# Order of Operations

A dilemma caught my attention not long ago. A very simple SELECT returned different values when a factor or a dividend/divisor changed order.

The first column (a) returns 0.012500 as expected but the second column (b) unexpectedly returns 0.012480. How come there is a difference?

Well, as it turns out, the answer is not straightforward. One part of the answer is about data type precedence, one part is about operator precedence and the last part is about precision, scale, and length.

Let us start with operator precedence where we learn that multiplication is carried out before division. So for column (a) the multiplication of factor 0.15 and factor 30 is carried out first and the intermediate result is 4.5. Later, 4.5 is divided by 360 for the result of 0.012500.

Column (b) is slightly different. In order to calculate the multiplication of factor 30 and the factor 0.15 divided by 360, SQL Server has to evaluate the division first, hence the intermediate result of the dividend 0.15 divided by 360 returns 0.00041(6). This intermediate factor result is then multiplied with 30 to give the final result of 0.012500. Wait!? What!? This is not what is happening in the original SELECT. Something else must be happening with the calculation.

Yes, and at this stage, it is all about precision and scale for the intermediate results.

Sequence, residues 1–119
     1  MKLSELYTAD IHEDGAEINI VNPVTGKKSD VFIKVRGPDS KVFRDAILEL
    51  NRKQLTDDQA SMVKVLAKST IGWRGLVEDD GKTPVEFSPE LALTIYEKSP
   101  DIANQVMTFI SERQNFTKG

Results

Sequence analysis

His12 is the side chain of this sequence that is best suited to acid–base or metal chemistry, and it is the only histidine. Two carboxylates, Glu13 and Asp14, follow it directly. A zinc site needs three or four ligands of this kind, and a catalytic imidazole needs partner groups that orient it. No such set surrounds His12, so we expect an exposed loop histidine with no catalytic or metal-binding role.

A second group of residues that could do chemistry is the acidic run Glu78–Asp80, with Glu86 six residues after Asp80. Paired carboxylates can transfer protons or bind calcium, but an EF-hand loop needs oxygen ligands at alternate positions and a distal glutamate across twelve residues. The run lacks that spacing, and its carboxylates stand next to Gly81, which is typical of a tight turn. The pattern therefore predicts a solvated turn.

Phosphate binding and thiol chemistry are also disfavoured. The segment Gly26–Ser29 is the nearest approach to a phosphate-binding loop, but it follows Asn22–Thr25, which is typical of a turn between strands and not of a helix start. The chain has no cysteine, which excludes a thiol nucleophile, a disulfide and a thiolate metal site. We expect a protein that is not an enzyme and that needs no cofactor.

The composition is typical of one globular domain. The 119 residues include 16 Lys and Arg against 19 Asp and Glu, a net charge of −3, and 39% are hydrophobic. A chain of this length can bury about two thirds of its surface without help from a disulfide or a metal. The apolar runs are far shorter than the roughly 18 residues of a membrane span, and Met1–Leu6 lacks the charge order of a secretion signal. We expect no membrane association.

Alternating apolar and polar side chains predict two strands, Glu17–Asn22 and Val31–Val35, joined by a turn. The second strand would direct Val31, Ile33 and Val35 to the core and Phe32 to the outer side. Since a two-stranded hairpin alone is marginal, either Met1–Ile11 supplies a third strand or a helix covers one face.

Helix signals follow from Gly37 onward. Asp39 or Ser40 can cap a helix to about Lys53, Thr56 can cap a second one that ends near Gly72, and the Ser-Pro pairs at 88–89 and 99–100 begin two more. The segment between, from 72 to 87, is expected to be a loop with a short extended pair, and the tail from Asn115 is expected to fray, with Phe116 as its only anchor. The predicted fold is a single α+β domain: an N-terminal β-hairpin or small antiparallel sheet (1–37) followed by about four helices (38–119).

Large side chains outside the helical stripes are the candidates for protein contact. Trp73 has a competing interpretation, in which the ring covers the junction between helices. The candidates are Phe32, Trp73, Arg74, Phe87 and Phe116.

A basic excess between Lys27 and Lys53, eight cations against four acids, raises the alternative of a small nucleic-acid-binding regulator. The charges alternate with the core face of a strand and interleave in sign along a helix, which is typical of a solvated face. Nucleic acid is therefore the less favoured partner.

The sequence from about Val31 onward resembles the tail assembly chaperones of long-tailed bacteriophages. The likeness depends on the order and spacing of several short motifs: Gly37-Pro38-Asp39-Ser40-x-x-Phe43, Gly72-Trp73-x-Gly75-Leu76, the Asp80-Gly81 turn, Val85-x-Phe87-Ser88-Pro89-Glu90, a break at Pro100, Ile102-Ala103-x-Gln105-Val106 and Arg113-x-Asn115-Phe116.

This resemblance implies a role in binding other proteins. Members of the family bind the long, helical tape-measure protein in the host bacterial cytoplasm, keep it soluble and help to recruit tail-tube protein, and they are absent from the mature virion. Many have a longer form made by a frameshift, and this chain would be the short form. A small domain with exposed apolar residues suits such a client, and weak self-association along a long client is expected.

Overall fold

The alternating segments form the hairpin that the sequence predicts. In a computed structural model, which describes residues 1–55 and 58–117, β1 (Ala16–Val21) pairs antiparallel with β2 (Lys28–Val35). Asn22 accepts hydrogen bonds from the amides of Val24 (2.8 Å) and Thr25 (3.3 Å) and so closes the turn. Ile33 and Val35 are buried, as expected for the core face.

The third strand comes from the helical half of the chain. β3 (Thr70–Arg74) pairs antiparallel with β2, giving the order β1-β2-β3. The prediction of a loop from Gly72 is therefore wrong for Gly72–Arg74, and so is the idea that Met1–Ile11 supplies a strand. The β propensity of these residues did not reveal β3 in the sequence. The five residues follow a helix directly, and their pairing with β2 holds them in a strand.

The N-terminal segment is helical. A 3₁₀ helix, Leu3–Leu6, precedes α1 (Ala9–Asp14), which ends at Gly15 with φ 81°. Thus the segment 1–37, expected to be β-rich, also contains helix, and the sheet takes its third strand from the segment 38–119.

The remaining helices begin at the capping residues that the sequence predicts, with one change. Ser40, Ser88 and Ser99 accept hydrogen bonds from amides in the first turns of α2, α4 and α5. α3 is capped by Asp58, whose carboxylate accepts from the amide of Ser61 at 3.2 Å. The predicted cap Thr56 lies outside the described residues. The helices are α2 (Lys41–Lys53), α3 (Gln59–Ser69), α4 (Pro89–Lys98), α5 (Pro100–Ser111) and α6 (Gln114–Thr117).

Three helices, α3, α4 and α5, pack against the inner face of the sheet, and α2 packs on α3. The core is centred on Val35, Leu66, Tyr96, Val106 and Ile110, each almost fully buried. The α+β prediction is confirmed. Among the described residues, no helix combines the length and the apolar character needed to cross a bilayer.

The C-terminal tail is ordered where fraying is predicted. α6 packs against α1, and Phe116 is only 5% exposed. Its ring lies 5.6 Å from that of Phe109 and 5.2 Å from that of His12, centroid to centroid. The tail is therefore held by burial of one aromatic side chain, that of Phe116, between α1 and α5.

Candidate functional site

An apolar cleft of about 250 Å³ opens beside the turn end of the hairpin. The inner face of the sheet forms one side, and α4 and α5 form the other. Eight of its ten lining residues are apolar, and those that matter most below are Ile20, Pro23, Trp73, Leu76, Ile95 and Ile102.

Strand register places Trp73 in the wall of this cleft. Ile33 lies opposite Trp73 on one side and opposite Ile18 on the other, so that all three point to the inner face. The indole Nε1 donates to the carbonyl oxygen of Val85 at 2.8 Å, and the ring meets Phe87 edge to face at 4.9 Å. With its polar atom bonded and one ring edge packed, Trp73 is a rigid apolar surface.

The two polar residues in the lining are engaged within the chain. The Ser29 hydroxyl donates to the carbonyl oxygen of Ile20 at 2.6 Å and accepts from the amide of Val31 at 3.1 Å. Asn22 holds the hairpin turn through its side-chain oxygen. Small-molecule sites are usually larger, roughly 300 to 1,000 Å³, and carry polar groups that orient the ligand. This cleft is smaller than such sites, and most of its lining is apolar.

For column (a) the factor 0.15 has a precision of 2 and scale of 2; (p ,s) equals (2, 2). This factor is then multiplied with factor 30, which SQL Server treats (p, s) as (2, 0) and not (10, 0) as expected for an INT, because of data type precedence described in the link above. The intermediate precision and scale is (5, 2) and the result of 0.15 * 30 is then 004.50. When SQL Server later divide by 360 (which is implicitly converted to a decimal with precision and scale of (3, 0) and not (10, 0) as expected for an INT), this gives the final (p, s) of (9, 6) and 004.50 divided by 360 is then 000.012500.

What happens with column (b)?

SQL Server first has to follow order of operators, which means the factor 0.15 / 360 must be calculated first. Dividend 0.15 has a (p, s) of (2, 2) and divisor 360 has a (p, s) of (3, 0), which gives the intermediate (p, s) of (6, 6) as described in the link above. The result of 0.15 / 360 is 0.00041666666666… which is truncated to fit in a (p, s) of (6, 6). Now we have the intermediate factor of 0.000416. This factor is then multiplied with 30 which has a (p, s) of (2, 0) for the final precision and scale of (9, 6), just as before! But 0.000416 multiplied with 30 is 000.012480.

And there is the full explanation of why the results differ in the SELECT query.